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Julian Barnes's long and passionate relationship with France began more than forty years ago. As sceptical observer on family motoring holidays, assistant in a school in Brittany, student of the language and literature, author of Flaubert's Parrot and Cross Channel, he has criss-crossed the country and its culture. The essays collected here, written over a twenty-year period, attest to his clear-eyed appreciation of the Land Without Brussels Sprouts. He ranges widely, from landscape to literature, food to Flaubert, film and song to the Tour de France. His humour, timing and intelligence never falter. When Picador published his Letters from London, the Financial Times called him 'our finest essayist'. Something to Declare confirms that judgement: it is a great literary delight. 'Julian Barnes seems to have done more for Anglo-French relations than anyone since Edward VII' Daily Telegraph 'The French revere Julian Barnes - and we, I think, quite wrongly, just admire him' Joanna Trollope
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According to his publisher, Something to Declare reflects Julian Barnes’ "long and passionate relationship with France". This is slightly disingenuous. More than half the book actually reflects his long and passionate relationship with the work of France’s greatest 19th-century novelist, Gustave Flaubert. Barnes, as any reader of Flaubert's Parrot knows, admires the author of Madame Bovary more than any other writer and he has, over the years, reviewed a number of books on his hero. These reviews make up the second half of Something to Declare. Not everybody has Barnes’ professional, indeed scholarly, interest in Flaubert. The prose is as witty and intelligent as always but many readers may find their attention flagging occasionally. Some may even want to echo Kingsley Amis’ comment, quoted in Barnes’ preface--"I wish he’d shut up about Flaubert."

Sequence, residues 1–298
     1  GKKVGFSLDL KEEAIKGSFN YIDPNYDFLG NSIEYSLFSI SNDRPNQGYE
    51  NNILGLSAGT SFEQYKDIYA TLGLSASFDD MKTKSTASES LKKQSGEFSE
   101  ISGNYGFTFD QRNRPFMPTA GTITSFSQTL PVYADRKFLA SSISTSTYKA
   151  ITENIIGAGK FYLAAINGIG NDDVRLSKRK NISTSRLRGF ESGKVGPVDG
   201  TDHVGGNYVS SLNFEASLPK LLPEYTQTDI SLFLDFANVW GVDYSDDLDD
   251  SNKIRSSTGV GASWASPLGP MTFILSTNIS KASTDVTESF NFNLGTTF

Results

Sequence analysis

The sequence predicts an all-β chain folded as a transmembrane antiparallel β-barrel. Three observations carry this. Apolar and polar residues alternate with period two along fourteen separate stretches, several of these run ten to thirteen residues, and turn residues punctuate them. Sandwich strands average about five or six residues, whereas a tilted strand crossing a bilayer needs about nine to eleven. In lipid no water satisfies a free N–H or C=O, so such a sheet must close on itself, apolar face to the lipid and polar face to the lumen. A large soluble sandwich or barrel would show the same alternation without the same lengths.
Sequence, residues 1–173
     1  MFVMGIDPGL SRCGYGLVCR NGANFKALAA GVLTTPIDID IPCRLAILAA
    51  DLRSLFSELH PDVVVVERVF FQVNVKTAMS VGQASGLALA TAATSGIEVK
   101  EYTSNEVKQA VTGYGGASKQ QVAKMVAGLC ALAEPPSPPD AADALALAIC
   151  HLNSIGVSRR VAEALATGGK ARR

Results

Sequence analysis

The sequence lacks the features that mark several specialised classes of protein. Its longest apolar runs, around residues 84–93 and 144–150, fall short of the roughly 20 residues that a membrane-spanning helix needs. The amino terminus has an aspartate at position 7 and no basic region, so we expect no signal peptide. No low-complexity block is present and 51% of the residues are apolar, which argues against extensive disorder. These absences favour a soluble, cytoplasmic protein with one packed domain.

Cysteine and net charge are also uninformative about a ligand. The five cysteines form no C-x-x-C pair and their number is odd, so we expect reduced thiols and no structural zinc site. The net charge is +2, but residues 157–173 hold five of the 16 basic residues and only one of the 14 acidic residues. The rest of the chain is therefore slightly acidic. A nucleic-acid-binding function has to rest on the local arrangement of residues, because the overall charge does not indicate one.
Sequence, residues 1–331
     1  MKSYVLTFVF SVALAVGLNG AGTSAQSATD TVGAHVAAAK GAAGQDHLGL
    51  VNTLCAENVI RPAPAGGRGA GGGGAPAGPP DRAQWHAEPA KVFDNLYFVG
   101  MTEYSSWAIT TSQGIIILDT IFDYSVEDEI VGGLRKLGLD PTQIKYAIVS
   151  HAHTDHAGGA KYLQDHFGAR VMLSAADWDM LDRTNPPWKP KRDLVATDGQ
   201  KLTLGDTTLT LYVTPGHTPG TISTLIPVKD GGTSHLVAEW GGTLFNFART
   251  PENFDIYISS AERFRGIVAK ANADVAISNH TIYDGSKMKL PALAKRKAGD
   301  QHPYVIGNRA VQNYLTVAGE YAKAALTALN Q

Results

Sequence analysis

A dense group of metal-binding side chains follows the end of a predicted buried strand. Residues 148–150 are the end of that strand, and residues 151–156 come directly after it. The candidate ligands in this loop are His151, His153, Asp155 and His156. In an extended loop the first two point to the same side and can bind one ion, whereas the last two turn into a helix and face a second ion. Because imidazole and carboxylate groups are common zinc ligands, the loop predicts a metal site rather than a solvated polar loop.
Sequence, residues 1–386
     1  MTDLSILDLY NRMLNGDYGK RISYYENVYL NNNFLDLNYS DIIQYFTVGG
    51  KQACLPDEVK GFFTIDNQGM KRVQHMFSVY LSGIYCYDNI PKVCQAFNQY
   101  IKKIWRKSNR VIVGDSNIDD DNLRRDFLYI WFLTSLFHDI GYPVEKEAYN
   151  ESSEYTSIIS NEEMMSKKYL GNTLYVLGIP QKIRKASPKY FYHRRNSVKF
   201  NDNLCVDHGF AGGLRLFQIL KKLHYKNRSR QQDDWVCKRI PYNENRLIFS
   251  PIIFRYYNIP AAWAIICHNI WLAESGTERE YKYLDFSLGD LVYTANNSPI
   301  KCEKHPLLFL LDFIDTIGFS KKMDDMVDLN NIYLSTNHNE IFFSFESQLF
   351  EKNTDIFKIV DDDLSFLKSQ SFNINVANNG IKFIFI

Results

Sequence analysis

However, the essays in the first half of the book go some way towards fulfilling the publisher’s promise that Barnes "ranges widely" through French life and culture. Memories of his time as an assistant at a school in Brittany link neatly with an admiring assessment of three archetypal French singers--Jacques Brel, Georges Brassens and Boris Vian. An account of Edith Wharton and Henry James making a stately tour of France in 1907 is juxtaposed with an essay on the Tour de France and its importance to the French public. Truffaut is lauded and the ineffable Jean-Luc Godard is enjoyably trashed. Though Barnes is characteristically cool and ironic in these essays, "a passionate relationship with France" does emerge from Something to Declare--and with Flaubert, of course. --Nick RennisonReview:
'Julian Barnes seems to have done more for Anglo-French relations than anyone since Edward VII' Daily Telegraph; 'The French revere Julian Barnes - and we. I think, quite wrongly, just admire him' Joanna Trollope
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Book Description Macmillan Pub Ltd. PAPERBACK. Condition: New. 033048916X Softcover.fine,small remainder mark,no writing. For Additional Information or pictures, Please Inquire. Seller Inventory # SKU90000002693
Book Description Condition: New. New. Seller Inventory # M-033048916x
Book Description Condition: New. New. Seller Inventory # M-033048916X
Book Description Picador, 2002. Paperback. Condition: New. First. Seller Inventory # DADAX033048916X